Now what do I do? I need to modify my approach to match their stage of change! Tools that work well with resistant stage street youth are: externalization, visualization, and and exploration of the continuum of harm. Externalization includes seeing who or what outside the person is effected negatively by the behavior. For example, “I know you are OK with your binge drinking. How is your girlfriend with it?” “Well… she hates it because I sometimes beat her up.” “Wow. That’s rough.” “Yeah… I guess I shouldn’t do that.” By externalizing, we’ve moved from resistant to considering. It really can be that simple! Or “My drinking doesn’t hurt anybody.” “What do you think all those ER visits and nights in jail cost?” “Wow! I like to think of myself as not making much of an impact, but I don’t like $1000/ER visit and $1000/night in jail! I guess I really ought to try to avoid those.” Another tool is visualization. We can bring as many senses as possible into play and getting the kid to imagine alternative futures. “If we get into a time machine and go 5 years into the future, what might we see?” We can do group exercises with drama, acting out alternatives. We can do art exercises where make a collage of how you want to be in the future. All these exercises invite the street youth to visualize the future and this can break down resistance. Another great technique is to openly admit that there is a whole range of behavior… from the safest to the most dangerous. Talk about each in terms of pros and cons. Don’t try to argue that drinking heavily doesn’t have pros… party environment, numbing out, forgetting painful things, relaxing. And you can discuss the cons. And consider other outcomes of getting worse and getting better: increase to drug use, increase to liver damage, reduction, occasional drinking, sobriety. It’s a continuum and the street youth can consider where they want to be in it.
In the considering change stage, I think helping with motivation is key. In this stage, I often help look at what’s important to the person. Put things into perspective. “Is your girlfriend or your bottle more important to you?” “Does your drug habit leave any room in your life for the things you enjoy: music, drawing, art, comic books, movies?” “What did you want to do before you starting drinking every day?” These questions help the person to consider their values and commit to planning.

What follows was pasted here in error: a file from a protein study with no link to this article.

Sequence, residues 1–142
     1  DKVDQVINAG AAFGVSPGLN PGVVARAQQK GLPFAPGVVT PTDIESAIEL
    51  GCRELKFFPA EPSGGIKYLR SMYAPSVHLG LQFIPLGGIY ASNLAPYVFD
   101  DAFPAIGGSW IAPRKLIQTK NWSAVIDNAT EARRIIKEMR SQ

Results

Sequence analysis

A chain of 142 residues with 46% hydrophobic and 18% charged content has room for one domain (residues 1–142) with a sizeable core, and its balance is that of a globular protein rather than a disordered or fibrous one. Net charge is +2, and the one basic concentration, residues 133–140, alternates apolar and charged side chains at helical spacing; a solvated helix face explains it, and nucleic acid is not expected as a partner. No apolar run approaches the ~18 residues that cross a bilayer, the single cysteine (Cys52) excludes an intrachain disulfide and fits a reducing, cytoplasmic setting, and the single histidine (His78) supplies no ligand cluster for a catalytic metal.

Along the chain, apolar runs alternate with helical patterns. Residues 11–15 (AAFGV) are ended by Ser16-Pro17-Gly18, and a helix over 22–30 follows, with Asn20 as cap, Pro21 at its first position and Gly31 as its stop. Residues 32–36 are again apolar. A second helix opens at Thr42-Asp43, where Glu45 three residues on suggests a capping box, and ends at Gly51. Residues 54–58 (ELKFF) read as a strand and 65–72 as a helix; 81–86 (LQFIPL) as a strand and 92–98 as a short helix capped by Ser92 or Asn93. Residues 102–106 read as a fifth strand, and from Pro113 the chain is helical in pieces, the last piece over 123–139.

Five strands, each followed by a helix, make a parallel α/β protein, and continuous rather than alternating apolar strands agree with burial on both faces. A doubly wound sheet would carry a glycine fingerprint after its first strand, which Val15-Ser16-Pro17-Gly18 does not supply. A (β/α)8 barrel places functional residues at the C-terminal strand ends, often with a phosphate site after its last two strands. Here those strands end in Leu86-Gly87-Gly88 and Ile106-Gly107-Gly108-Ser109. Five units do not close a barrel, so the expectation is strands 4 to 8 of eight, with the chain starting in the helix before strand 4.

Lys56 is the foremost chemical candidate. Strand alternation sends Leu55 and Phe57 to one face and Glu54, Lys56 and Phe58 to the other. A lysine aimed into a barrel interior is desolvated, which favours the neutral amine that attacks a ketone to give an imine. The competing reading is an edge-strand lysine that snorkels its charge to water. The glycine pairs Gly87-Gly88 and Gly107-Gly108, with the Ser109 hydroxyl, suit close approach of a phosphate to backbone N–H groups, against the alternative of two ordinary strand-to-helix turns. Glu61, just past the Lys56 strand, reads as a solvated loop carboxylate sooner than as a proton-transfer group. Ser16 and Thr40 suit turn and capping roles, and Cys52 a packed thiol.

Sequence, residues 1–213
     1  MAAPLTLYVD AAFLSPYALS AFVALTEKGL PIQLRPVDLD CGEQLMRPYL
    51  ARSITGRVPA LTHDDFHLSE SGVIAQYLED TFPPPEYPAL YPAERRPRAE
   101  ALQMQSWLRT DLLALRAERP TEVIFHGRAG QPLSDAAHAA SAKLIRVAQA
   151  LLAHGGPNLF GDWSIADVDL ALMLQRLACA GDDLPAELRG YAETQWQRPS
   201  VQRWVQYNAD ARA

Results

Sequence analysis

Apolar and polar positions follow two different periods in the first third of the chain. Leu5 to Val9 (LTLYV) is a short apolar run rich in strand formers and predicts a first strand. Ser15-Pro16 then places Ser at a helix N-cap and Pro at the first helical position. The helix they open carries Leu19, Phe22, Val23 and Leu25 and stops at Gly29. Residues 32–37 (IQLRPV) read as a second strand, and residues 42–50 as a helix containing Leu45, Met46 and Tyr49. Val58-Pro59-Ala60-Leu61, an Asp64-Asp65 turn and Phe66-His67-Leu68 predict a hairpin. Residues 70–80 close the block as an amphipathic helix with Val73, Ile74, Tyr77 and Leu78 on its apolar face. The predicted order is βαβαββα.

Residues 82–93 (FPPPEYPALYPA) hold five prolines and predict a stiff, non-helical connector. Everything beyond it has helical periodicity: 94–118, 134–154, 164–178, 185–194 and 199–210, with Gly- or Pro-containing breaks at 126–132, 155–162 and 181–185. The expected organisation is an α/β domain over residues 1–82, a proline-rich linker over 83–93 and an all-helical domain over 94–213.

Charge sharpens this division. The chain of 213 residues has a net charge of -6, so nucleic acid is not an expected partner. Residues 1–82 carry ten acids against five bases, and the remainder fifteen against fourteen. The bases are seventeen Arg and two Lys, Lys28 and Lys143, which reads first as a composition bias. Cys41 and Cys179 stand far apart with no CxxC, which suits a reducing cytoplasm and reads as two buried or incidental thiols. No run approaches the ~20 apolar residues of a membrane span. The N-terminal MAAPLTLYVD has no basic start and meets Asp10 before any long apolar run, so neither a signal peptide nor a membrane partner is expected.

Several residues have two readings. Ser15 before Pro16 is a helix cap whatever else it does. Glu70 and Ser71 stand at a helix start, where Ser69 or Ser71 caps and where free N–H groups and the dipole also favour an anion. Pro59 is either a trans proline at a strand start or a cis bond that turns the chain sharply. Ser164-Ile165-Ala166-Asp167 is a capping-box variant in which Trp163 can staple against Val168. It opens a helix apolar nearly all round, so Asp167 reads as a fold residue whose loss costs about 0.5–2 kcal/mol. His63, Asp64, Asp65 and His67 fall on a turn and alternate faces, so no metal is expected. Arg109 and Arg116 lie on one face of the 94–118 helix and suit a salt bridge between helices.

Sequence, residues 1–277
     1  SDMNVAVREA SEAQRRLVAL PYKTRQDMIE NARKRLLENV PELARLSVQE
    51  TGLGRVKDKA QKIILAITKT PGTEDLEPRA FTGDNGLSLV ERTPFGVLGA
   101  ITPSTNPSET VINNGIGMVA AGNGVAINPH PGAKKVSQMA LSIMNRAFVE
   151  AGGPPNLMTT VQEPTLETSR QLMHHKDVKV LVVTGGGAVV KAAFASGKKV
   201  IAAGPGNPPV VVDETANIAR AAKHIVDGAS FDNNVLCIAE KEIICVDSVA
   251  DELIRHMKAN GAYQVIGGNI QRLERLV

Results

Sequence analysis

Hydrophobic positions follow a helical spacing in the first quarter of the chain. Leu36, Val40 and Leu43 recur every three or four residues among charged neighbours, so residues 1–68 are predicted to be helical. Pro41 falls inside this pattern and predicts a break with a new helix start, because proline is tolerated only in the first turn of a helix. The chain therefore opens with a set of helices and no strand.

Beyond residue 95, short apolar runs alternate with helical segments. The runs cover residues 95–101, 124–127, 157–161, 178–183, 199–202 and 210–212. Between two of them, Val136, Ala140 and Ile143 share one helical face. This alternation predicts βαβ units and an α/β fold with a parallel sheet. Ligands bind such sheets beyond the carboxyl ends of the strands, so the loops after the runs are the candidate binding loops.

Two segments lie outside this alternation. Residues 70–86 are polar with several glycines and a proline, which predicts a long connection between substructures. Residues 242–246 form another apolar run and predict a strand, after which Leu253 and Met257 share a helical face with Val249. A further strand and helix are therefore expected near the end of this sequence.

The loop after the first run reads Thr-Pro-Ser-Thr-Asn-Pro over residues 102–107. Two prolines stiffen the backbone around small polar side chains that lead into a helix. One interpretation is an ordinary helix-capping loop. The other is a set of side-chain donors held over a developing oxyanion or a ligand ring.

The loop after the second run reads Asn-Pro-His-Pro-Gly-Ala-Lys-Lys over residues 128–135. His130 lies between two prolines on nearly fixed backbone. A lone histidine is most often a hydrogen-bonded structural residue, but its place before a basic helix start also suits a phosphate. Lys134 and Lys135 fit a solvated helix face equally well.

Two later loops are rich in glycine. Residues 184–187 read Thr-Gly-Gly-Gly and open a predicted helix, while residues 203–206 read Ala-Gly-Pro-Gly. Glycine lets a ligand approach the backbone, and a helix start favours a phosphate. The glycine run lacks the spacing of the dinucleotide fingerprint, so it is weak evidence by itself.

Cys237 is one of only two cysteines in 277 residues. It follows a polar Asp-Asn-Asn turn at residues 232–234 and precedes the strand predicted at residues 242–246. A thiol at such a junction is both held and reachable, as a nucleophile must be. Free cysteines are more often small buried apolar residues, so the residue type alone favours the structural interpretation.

In the planning stage, I believe the two most important things to hear over and over are “These changes are important” and “I believe in you.” And it is crucial to help the person make a realistic plan. When they begin to act, the most important three things are to “Celebrate, celebrate, and celebrate” every step forward. And normalize setbacks. Recovery is almost never a smooth escalator ride up. It’s a bumpy roller coaster with ups and downs.
To follow this model, (1) you assess where the person is with respect to some particular change goal, (2) you adapt your talk and actions to the person being served, and (3) you follow-up as they move through different stages. When they move forward, you move forward. If they go backward, you go back with them. So what if you do all this? Astounding things happen! The researchers showed significantly faster progress through the stages of change when the worker matches the client, perhaps as much as twice as fast! And just as important, there was significantly less going backward and longer periods of time spent in maintenance stage. That’s something to be happy about!